About this artwork
Despite being an atheist spiritual symbols, such as bells, are central to Kounellis’s Mediterranean identity and hold important cultural significance for the artist. The artist has been working with bells since the 1990s, often contrasting their elegance and precision with more haphazard forms. Here the ageing, rickety tables appear hardly able to sustain the accumulated weight of the bells. In arranging the bells on tables, rather than allowing them to hang in the manner they were designed, Kounellis has deliberately silenced them.
- title: Untitled
- accession number: AL00186
- artist: Jannis KounellisGreek (born 1936)
- gallery: In Storage
- object type: Installation
- materials: Four wooden tables and seven bronze bells
- date created: 2006
- measurements: Displayed: 144.00 x 201.00 x 352.00 cm
- credit line: ARTIST ROOMS National Galleries of Scotland and Tate. Lent by Anthony d'Offay 2010
- copyright: © Jannis Kounellis.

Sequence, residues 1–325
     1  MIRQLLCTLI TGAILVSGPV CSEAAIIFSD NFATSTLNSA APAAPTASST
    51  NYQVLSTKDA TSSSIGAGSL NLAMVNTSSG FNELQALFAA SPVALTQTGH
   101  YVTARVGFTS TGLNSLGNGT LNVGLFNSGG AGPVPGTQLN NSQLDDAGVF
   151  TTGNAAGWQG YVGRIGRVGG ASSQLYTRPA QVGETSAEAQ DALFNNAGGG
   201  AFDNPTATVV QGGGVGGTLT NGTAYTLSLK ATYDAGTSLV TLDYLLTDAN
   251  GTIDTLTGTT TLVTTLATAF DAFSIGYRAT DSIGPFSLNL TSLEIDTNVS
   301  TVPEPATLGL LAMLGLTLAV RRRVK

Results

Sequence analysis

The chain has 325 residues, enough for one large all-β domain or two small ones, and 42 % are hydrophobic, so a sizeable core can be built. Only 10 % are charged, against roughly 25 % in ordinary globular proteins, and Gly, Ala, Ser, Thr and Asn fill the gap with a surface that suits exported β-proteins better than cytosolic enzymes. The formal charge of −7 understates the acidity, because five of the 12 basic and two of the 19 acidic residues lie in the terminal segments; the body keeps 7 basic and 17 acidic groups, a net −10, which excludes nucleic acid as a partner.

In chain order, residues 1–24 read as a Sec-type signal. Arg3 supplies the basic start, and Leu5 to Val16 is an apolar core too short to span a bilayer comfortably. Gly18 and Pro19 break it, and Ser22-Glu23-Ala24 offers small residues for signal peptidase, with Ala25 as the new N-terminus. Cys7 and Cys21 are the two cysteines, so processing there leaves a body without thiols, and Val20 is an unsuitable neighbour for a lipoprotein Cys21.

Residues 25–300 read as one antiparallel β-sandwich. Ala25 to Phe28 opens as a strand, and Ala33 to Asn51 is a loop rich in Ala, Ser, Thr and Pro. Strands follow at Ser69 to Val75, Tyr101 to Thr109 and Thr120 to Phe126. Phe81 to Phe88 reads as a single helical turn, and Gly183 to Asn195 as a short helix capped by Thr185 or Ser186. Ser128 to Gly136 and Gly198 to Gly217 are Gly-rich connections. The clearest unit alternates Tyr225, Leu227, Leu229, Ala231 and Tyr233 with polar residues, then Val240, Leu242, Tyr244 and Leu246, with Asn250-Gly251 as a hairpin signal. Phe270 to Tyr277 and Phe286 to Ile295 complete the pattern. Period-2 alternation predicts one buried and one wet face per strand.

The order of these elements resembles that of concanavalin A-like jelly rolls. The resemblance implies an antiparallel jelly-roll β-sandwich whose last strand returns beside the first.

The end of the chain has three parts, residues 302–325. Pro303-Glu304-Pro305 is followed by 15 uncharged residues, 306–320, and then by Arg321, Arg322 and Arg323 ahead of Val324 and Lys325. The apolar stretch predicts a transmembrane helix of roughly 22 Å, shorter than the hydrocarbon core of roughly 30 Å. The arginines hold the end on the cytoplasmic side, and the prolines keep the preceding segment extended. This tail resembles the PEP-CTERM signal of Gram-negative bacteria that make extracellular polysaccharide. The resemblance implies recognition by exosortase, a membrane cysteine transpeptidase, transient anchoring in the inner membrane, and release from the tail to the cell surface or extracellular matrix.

Kounellis considers himself to be “a Greek person but an Italian artist”. Born in Greece, he moved to Italy in 1956 and studied at the ‘Academia di Belle Arti’ in Rome. Following a two year hiatus from painting, in 1967 he surfaced as an influential contributor to the newly emerging ‘Arte Povera’ movement. From this point his art developed as a mixture of painting, sculpture, collage and installation. It is characterised by the unusual combination of physically and culturally opposing materials. This includes soil, stones, sacks, fire, live animals, bed frames and doorways. Through his ambitious works Kounellis challenges the traditional notions of both painting and the gallery space.